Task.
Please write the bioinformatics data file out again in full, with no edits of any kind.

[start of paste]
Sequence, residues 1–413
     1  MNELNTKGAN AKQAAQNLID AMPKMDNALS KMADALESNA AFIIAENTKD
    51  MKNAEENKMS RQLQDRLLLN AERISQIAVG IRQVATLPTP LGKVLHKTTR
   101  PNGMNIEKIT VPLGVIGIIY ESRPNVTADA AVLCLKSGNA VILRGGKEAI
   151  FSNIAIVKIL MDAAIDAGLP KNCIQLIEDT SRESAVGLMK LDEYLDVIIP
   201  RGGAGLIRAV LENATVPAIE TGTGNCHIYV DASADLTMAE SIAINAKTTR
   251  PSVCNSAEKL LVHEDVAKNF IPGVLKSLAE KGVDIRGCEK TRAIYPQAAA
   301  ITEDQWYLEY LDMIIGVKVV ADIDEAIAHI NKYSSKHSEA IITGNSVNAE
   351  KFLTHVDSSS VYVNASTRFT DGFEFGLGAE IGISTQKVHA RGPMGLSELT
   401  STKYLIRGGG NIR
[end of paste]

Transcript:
Sequence, residues 1–413
     1  MNELNTKGAN AKQAAQNLID AMPKMDNALS KMADALESNA AFIIAENTKD
    51  MKNAEENKMS RQLQDRLLLN AERISQIAVG IRQVATLPTP LGKVLHKTTR
   101  PNGMNIEKIT VPLGVIGIIY ESRPNVTADA AVLCLKSGNA VILRGGKEAI
   151  FSNIAIVKIL MDAAIDAGLP KNCIQLIEDT SRESAVGLMK LDEYLDVIIP
   201  RGGAGLIRAV LENATVPAIE TGTGNCHIYV DASADLTMAE SIAINAKTTR
   251  PSVCNSAEKL LVHEDVAKNF IPGVLKSLAE KGVDIRGCEK TRAIYPQAAA
   301  ITEDQWYLEY LDMIIGVKVV ADIDEAIAHI NKYSSKHSEA IITGNSVNAE
   351  KFLTHVDSSS VYVNASTRFT DGFEFGLGAE IGISTQKVHA RGPMGLSELT
   401  STKYLIRGGG NIR